IPv6 has been an ‘emerging technology’ for more than two decades. It was born in a time when architects and standard bodies knew there was an inevitable end to the de facto standard deployment model and communication medium.
IPv4 was never intended to provide what it is used for today. It has limitations that have been fixed with temporary add-on and structural changes that have become known as ‘normal’ over the span of 25 years. The most notorious of these add-ons is Network Address Translation (NAT).
Today, IPv6 provides a number of much-needed mechanisms and abilities that are so often taken for granted. Here are three of what I believe are the ‘killer apps’ and reasons for small-to-medium-sized ISPs to deploy it.
End-to-end connectivity has become an increasingly important specification in this day and age of interconnectivity. Apart from the security benefits, end-to-end connectivity, or rather the lack of it, is also a cause of much discussion (and angst) among the gaming community — an ever growing and vocal customer base of ISPs.
Many systems such as XBox Live actually tunnel IPv6 in IPv4 in order to work around issues associated with a lack of end-to-end connectivity. A quick glance through netflow or sFlow data for protocol 41 (6to4) or UDP port 3544 (Teredo) will show just how much of the traffic is actually tunnelled.
Enabling native IPv6 is the only viable work around; it provides a much better experience for end users.
Reduced network complexity
While NAT may have given IPv4 a vastly extended lifespan, it was only meant to act as a transition mechanism. Unfortunately, it has become commonplace; so much so that emerging engineers expect and plan for it as a natural part of any deployment, certainly at the Customer Premises Equipment (CPE), and, in many cases, within the ISP itself.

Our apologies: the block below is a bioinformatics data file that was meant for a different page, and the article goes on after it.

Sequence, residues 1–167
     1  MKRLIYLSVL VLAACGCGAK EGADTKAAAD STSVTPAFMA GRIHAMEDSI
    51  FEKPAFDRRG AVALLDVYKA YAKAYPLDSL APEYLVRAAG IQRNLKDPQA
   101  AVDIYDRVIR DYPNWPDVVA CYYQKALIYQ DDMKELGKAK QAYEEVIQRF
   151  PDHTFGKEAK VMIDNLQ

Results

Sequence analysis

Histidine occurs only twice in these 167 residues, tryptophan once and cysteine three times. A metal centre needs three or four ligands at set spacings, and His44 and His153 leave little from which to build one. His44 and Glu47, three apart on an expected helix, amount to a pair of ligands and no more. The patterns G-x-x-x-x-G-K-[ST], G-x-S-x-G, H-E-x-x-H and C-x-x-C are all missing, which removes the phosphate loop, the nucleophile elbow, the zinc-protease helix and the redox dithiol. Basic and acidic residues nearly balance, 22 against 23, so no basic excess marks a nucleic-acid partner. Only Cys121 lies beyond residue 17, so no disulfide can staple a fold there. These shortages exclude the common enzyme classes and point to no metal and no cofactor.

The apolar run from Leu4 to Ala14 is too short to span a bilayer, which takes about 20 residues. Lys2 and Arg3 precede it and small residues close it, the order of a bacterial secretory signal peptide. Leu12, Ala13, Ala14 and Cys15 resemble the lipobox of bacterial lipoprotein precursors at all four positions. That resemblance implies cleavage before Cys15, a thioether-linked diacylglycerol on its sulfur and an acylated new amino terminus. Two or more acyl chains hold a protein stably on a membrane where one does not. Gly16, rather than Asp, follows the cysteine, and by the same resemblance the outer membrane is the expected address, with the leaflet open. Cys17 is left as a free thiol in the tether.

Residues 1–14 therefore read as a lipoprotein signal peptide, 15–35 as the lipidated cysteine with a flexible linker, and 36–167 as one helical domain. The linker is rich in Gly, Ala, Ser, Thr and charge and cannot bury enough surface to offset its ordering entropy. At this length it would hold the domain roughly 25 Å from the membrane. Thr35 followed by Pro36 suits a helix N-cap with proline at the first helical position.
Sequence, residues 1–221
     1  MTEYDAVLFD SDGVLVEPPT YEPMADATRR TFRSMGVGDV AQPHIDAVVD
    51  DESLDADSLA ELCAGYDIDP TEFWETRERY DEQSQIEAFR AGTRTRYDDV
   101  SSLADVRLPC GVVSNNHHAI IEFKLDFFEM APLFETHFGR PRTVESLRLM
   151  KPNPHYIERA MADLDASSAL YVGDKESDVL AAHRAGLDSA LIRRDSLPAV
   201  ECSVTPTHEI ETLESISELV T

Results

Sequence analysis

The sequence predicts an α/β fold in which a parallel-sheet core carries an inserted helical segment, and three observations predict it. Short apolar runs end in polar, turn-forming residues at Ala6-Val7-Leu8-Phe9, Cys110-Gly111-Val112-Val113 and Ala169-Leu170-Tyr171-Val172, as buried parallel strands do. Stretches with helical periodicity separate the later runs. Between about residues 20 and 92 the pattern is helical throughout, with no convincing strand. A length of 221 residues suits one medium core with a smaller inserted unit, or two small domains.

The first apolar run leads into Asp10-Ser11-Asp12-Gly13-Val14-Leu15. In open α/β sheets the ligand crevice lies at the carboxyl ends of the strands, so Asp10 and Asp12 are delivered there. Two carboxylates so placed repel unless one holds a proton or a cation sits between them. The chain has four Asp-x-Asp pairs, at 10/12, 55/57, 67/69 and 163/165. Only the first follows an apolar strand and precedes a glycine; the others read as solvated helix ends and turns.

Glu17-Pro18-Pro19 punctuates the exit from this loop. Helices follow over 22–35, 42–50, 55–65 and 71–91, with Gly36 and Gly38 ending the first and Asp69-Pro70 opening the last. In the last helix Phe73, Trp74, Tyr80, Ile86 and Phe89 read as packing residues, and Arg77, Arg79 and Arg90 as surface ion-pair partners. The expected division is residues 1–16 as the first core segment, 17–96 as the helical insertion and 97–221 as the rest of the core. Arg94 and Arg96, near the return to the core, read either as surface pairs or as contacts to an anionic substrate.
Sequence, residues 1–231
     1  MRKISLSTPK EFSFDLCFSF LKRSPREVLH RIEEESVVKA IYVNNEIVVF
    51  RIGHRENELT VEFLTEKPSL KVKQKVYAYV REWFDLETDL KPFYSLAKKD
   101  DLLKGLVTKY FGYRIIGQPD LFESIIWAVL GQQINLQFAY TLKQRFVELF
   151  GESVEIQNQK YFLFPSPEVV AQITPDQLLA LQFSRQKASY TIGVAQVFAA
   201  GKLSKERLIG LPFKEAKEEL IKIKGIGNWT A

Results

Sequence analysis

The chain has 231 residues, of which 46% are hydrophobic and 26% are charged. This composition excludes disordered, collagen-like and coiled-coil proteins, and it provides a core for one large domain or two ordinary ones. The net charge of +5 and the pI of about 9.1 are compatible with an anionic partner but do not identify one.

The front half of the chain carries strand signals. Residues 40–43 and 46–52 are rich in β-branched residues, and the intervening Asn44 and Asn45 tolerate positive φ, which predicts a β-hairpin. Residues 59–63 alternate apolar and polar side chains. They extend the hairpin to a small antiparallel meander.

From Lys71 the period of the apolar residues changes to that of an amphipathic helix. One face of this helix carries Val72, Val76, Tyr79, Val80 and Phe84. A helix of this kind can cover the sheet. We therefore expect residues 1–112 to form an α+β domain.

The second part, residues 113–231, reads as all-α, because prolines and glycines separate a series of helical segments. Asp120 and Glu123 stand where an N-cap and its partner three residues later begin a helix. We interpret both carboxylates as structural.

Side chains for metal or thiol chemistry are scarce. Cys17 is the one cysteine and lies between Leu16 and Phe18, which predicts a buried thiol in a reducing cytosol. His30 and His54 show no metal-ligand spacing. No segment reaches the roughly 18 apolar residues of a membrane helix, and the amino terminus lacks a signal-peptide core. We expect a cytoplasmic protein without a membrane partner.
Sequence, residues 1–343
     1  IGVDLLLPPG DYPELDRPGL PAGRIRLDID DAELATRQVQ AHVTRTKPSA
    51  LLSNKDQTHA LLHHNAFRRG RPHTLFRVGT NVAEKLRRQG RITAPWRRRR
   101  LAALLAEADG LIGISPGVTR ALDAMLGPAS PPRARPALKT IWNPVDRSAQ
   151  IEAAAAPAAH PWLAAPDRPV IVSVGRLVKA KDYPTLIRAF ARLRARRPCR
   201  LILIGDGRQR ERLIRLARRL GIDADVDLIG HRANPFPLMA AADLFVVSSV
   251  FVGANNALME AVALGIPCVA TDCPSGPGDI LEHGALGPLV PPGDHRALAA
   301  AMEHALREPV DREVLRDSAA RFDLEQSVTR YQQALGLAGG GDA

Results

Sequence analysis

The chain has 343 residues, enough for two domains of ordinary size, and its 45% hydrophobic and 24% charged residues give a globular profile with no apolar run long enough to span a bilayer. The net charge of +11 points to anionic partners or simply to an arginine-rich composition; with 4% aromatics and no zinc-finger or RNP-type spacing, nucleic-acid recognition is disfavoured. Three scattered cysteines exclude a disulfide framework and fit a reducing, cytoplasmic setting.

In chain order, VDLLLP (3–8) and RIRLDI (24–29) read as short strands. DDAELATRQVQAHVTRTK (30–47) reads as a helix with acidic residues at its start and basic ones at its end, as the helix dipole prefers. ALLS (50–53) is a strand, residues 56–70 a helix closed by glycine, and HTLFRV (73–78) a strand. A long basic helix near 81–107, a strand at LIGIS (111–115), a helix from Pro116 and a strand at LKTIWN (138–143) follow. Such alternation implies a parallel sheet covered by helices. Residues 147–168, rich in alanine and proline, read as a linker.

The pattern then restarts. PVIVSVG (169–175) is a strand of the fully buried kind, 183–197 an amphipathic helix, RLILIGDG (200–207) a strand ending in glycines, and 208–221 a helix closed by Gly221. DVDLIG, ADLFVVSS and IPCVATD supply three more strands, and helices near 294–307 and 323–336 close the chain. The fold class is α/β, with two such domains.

With the proliferation of Network Address Port Translation (NAPT), we have created a world where the de facto expectation is that end users have, at most, a single public IPv4 address and a translation device in their path. At worst, there are no public IPv4 addresses at the end user location; instead there is a series of NAPT and Carrier Grade NAT (CGN) devices translating over and over.
Where this leaves the end user (and the operators in the middle) is inside of a very hard to parse web of complicated state and translation tables. Forget about being able to easily identify end hosts, user patterns, or security events — the complication of translating makes this a much more onerous task, all for the simple, and arguably misguided prolonging of a legacy protocol.
And despite widespread and popular belief, NAT was never intended to be, and is not, a security mechanism.
Support and content have become common place
IPv6 has far more support in hardware, software, and content than was available even five years ago.
Modern equipment, much of which is Linux based, has had good support for a very long time. Common CPE management protocols are able to leverage IPv6 for day-to-day operational needs. And core Internet hardware has had both software and hardware capability for quite some time.
Content is also more widely available over IPv6. Major content providers, including the two largest in Google and Facebook, provide dual-stack content at scale. When deployed in a controlled, methodical way, the end user rarely notices that they’re using IPv6 unless they specifically look.
There are also more and more examples of successful IPv6 deployments. The majority of large carriers in the USA have been deploying dual-stacked CGN networks for quite some time with very good support and profitability. And perhaps the most successful IPv6 deployment thus far has connected almost half a billion people in India.
IPv6 is not the future, it’s the present. The content is available, the growth has exploded, and both the hardware and software are well travelled. What are you waiting for?
Adapted from the original post that appeared on The Forwarding Plane.
Nick Buraglio has worked in the network provider industry for more than 15 years, holding network engineering positions at regional Internet providers as well as at the National Center for Supercomputing Applications.
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